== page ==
Canada’s newest National Park is a crescent shaped sandbar less than a mile wide, but 26 miles long. Sable Island is in the North Atlantic Ocean, 100 miles southeast of Canso, Nova Scotia,
Sable Island has often been referred to as the “Graveyard of the Atlantic”; since 1583 there have been over 350 shipwrecks on or near the island. In 1873 lighthouses were constructed on both ends of the island, but it is still in a major shipping route and many fall victim to thick fogs and treacherous currents. Wrecks are crushed by the waves, and then buried in sand.
Human habitation of the island has been little. The French briefly attempted to use it as a penal colony in the late 16th century. Occasionally sealers, salvagers and even shipwreck survivors have made Sable Island home, but the first permanent inhabitants of the island arrived in 1801, when the Nova Scotia government established a life-saving station there. Although the lighthouses are now decommissioned, there is now a permanently occupied weather station, valued because of Sable Island’s unique position in the Atlantic.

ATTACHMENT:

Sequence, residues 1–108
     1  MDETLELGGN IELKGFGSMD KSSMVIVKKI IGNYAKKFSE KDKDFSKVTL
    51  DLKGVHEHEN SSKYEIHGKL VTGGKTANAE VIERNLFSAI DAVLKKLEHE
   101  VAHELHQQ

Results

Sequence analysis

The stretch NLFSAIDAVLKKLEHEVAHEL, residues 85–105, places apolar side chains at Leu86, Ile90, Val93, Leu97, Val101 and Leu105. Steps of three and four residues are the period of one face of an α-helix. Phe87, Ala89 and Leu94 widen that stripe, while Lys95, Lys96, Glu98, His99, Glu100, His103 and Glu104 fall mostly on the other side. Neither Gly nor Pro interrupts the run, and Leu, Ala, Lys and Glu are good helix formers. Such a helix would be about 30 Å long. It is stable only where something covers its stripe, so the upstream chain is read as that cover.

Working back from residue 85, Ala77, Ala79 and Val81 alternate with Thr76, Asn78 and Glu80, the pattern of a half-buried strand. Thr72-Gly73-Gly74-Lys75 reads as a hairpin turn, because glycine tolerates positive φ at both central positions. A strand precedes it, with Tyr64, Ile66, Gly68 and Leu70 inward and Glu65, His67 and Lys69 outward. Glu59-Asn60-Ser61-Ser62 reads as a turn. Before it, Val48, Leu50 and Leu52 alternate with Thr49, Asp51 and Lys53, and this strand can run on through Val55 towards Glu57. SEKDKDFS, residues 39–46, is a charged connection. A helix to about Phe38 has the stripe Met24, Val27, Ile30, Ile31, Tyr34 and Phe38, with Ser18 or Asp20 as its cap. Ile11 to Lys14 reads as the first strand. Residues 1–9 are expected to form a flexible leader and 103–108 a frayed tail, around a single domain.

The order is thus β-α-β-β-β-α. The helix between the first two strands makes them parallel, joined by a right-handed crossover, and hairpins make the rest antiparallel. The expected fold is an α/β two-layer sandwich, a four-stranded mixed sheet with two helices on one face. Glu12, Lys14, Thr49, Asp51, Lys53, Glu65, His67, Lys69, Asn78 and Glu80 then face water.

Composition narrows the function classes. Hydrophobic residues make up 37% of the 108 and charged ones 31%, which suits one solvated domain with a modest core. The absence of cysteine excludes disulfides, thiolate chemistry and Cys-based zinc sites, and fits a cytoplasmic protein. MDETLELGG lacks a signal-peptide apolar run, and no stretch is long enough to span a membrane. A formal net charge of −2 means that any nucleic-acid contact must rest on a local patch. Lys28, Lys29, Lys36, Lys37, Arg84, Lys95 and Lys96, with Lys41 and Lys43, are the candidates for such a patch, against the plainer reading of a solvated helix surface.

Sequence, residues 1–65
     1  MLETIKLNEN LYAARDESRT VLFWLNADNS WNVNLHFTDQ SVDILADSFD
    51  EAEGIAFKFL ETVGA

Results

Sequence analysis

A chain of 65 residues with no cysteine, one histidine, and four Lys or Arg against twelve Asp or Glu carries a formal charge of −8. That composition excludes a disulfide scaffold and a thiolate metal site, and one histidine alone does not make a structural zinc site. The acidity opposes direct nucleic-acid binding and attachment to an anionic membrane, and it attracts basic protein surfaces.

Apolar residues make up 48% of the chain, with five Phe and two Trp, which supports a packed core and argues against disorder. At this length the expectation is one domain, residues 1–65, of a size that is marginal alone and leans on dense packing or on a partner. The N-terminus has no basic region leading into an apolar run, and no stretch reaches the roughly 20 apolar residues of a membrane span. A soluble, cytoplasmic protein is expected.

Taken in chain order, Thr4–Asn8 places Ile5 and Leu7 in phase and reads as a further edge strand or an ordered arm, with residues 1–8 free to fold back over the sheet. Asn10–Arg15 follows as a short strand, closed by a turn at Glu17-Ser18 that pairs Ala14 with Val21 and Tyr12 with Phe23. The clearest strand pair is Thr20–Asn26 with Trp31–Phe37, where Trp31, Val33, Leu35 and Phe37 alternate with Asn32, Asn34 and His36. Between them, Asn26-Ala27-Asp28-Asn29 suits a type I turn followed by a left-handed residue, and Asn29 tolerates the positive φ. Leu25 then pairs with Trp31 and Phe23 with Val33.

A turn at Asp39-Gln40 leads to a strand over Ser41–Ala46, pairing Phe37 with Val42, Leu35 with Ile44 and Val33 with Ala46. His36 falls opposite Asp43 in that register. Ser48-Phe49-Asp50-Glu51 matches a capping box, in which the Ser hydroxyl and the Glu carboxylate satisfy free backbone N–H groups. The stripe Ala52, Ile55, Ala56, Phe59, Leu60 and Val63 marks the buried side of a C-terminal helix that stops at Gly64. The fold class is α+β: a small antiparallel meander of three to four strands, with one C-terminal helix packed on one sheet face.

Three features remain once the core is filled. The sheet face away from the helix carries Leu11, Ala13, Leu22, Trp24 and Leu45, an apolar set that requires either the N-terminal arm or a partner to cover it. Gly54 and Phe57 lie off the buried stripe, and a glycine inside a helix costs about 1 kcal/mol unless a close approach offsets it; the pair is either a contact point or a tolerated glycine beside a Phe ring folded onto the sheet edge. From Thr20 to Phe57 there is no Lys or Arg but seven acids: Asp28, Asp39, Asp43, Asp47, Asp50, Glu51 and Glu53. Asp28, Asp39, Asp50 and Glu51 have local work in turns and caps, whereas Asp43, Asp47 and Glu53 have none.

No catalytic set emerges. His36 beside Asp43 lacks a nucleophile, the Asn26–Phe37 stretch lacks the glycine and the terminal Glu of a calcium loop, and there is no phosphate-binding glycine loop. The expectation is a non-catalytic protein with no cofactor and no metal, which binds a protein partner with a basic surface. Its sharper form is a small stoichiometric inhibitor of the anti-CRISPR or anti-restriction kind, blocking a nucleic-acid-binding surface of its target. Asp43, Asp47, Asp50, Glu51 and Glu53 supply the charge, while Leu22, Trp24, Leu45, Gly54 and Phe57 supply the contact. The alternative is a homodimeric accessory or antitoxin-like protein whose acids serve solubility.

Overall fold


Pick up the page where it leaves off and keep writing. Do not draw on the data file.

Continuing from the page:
There is only a single tree on the island, but it does have an abundance of low-growing grasses and other vegetation. This, as well the fresh water ponds, sustain the population of Sable Island Ponies. There is debate as to the origin of these horses, but they did arrive after Sable Island was first discovered by Western Man. Besides the ponies, Sable Island is inhabited by harbour and grey seals, Arctic terns, and the Ipswich sparrow, which breeds only on the Island.
Cie McCullough Buschle | Cie McCullough Buschle has two kids and a small mutt named Einstein. Her interests include researching history through holidays and everyday objects, and way cool science. She is also a sculptor and clay hand builder and spends her time traveling between the Lower Adirondacks and Boston.